Ian Wilson, Curriculum in Comparative Literature
Maureen Windle, Counseling and Psychological Services
Peter Wright, Department of Religious Studies
Nadia Yaqub, Curriculum in Asian Studies
Diane Yorke, School of Nursing
John Zornick, Military Science

Reading program takes on a plot line
of its own

Editor's note: The following are excerpts from media coverage of the Carolina Summer Reading Program in the final days leading up to the day of discussions.

From Michael Sells' Aug. 8 editorial, "Understanding, Not Indoctrination," in THE WASHINGTON POST:

"Approaching the Qur'án" presents the passages that Muslims consider the earliest revelations to Muhammad, those with the most direct account of core theological ideas and literary themes. Similary, in a college course on Western civilization, students are more likely to read Biblical passages from Exodus than the gruesome accounts of slaughter in Joshua. Do such selections present a deceptively benign view of the Bible? Only if they are generalized claims about the Bible as a whole.
Bill O'Reilly, from commentary in his Aug. 8 show, THE O'REILLY FACTOR on Fox News:

We do have freedom of religion in America, but we also have freedom from religion. So the freshmen at the University of North Carolina should not be subjected to any religious indoctrination, period. There are plenty of religious colleges if you want that. The Factor applauds the North Carolina legislature's decision, and we're happy to be the first ones on television to bring you -- bring this to the nation's attention.

William Saletan, from an Aug. 9 column in SLATE magazine:
This is what "intimidation," "discrimination," and "sensitivity" have come to. Words that once accurately described cross burnings, housing covenants, and slurs are now being used to describe the superficial emotional wounds that come from living and debating in a free society. This dilution is being perpetrated not just by the left but by the right as well. Conservatives often complain that many leftists practice censorship in the name of defeating it. That's true. But the hypocrisy goes both ways. Religious bigotry isn't gone. It just goes by the name of religious freedom.

THE CHICAGO TRIBUNE columnist Clarence Page, from an Aug. 11 column, "Dummying up: For fear of reading a book about the Koran":
The important thing, as Robert Kirkpatrick, the professor who chose the book, explained on "The O'Reilly Factor" TV show is this: First-year students need to know that "as a member of an academic community they have to learn to think and to read and to write and to defend their opinions." That's right. Start pushing a book on college freshmen, and who knows? They might try reading another one.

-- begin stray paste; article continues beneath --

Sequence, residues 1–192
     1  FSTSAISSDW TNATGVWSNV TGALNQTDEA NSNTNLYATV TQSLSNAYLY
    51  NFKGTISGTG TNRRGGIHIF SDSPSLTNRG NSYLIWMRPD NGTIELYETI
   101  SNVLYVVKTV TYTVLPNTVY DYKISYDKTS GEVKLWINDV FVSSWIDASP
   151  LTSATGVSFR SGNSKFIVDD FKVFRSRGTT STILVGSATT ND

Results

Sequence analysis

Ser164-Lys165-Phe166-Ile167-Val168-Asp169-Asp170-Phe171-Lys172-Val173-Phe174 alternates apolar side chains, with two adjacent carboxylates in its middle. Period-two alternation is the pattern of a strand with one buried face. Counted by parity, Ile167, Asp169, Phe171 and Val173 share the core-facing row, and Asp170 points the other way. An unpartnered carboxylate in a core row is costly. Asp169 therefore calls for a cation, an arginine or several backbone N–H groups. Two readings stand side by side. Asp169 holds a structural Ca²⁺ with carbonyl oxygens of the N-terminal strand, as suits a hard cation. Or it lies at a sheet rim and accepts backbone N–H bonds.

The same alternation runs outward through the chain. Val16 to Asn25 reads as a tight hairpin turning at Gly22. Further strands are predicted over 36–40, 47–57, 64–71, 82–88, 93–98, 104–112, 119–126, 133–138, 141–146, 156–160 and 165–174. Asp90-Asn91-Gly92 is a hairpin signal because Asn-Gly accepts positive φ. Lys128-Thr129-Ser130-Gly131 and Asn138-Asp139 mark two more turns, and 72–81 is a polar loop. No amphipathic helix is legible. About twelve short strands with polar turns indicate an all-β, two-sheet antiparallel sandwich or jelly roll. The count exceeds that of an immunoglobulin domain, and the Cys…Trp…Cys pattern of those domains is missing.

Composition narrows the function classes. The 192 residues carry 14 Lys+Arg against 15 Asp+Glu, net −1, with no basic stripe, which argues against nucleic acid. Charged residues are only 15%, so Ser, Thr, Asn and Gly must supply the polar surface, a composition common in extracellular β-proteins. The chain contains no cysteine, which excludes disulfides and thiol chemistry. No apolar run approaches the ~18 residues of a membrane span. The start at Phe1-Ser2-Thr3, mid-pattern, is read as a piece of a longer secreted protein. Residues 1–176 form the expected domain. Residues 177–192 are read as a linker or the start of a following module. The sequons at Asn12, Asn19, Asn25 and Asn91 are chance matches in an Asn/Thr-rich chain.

From an Aug. 15 THE CHRISTIAN SCIENCE MONITOR editorial, "Learning about Islam":
Those who would keep students from gaining some insight into Islam have to take care they're not mirroring the intolerance they profess to abhor. Learning about another religion should not be a threat to one's own. It should give a broader understanding of mankind's search for the divine.

From an Aug. 17 column, "Casting a vote for ignorance," written by Mary Schulken of THE DAILY REFLECTOR in Greenville:
The bin Ladens of the world think they know America. They believe we are fakes and paper tigers, our freedom, our convictions and our compassion just propped-up images on celluloid. But to know the nation is to know the depth of ignorance that view exposes. It is a view shaped entirely in isolation and intolerance imposed by fanaticism. Ban a reading assignment at a university and you've drawn the same curtain.

From an Aug. 19 THE NEW YORK TIMES editorial, "Required Reading":
North Carolina has an impressive record of educational innovation and, in the University of North Carolina at Chapel Hill, one of the finest public universities in the country. Those seeking to stop a thoughtful learning exercise are jeopardizing the state's reputation, mangling free speech and academic freedom in the bargain.

From an Aug. 19 column, "Why are Muslim leaders so mute?" from syndicated columnist William F. Buckley:
"Time" magazine reports that the bowdlerizers at the University of North Carolina have got out a special edition of the Koran (political correctness: the Quran). The book, handed out to incoming freshmen, is designed to communicate the teachings of the Prophet. The edition is exorcised of any sentiments such as might have impelled the knights of 9/11 to plunge themselves and their steeds into live Americans, innocent of any infidelity to Islam, this side of not adhering to it.

From an Aug. 21 THE CHICAGO TRIBUNE editorial, "Big pols on campus":